"I don’t know about you, but I am tired of just being ‘another somebody’ to the lost around me. I have made a decision. I made up my mind and set my heart to declare, ‘I am going to pursue the presence of God in my life. I am going to get so close to God that when I walk into secular and public places, people will meet Him.’ They may not know that I’m there, but they will definitely know that He is there. I want to be so saturated with God’s presence that when I take a seat on a plane, then everyone near me will suddenly feel uncomfortable if they’re not right with God – even though I haven’t said a word." I’m not wanting to condemn or to convict them; I just want to carry the fragrance of my Father with me.

And the great preacher of doctrine; the man who wrote the 8 volume commentary set on this book of Ephesians and who is still considered one of the premier theologians of recent days; the man who would certainly not be known as a charismatic preacher, when he was preaching at Westminster Chapel in London, England, near the end of his life and at the pinnacle of his ministry said this to his congregation:

"I want to talk to you today about the baptism of the Holy Spirit. You may call it what you want, but I want to know, have you experienced the fullness of the Spirit? I know all of you listening to me come as I do from a Reformed background. But it’s not good enough. I know that all of you would want to say to my question about the Holy Spirit, ’Well, we got it all at conversion; there’s no need for any more experience.’ Well," said Martyn Lloyd-Jones, "I have only one other question to ask you. If you got it all at conversion, where in God’s name is it?"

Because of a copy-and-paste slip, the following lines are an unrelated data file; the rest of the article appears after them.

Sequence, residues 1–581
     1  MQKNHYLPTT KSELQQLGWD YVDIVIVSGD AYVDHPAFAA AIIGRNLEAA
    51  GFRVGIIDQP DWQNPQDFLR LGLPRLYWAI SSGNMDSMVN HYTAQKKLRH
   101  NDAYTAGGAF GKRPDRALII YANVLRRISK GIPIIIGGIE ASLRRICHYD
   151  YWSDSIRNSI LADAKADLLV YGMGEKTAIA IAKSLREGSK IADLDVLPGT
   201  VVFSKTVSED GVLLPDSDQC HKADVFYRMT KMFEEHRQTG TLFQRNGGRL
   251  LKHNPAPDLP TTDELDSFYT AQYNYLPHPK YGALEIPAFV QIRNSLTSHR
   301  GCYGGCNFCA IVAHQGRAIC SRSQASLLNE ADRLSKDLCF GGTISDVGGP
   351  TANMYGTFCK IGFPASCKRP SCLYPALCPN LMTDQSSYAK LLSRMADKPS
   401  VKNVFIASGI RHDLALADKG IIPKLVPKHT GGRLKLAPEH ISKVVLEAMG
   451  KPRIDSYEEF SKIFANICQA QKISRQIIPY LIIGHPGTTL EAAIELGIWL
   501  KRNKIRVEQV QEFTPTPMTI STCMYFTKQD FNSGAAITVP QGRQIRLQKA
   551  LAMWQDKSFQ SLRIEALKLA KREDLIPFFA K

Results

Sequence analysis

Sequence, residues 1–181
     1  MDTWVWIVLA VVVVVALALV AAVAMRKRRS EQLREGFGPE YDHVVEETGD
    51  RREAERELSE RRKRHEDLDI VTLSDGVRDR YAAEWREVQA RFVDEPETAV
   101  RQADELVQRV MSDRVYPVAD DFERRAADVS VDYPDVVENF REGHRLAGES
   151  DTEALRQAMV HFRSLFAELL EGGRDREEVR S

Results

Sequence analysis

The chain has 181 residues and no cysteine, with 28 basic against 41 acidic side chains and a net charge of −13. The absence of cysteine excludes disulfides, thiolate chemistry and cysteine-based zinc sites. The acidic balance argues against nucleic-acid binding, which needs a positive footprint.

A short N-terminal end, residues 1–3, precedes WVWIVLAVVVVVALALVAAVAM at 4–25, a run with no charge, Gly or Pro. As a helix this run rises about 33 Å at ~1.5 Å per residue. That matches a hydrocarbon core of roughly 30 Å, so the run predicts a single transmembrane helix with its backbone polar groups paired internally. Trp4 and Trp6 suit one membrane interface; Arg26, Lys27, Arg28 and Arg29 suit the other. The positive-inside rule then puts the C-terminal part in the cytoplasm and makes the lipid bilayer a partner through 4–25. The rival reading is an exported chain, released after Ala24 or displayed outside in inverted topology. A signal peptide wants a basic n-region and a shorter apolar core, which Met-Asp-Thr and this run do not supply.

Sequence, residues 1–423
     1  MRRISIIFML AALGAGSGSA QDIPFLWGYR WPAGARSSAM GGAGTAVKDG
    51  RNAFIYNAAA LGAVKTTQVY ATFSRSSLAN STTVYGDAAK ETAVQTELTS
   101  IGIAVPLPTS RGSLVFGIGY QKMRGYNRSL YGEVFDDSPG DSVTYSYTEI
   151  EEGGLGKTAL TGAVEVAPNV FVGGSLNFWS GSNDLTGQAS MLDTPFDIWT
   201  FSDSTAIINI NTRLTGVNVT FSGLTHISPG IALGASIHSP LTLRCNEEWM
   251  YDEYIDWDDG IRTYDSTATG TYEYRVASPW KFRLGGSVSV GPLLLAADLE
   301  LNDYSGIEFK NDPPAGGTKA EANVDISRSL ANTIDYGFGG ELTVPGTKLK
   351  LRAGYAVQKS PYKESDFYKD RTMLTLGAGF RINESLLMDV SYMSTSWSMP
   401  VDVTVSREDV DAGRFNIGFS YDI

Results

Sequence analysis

Great question, isn’t it? If we have received the Holy Spirit (and if you have been truly saved, you have received Him) why isn’t He more evident in our lives. Well, it’s because of some things you need to know about the power of this process. First, the process is not automatic. While you may, indeed, receive the Holy Spirit when you are saved, you are not automatically “strengthened in the inner man.” How do I know that? Well, I know it because these Ephesians whom Paul was writing were believers and yet he was praying for them to be strengthened. Obviously, this process isn’t automatic: you must ask God to strengthen you.

And this neither is this process instant. It is not a once for all thing. We are strengthened and filled with the Spirit as we, surrender by surrender, follow Christ. As the issues come up in our lives we must surrender to His Spirit.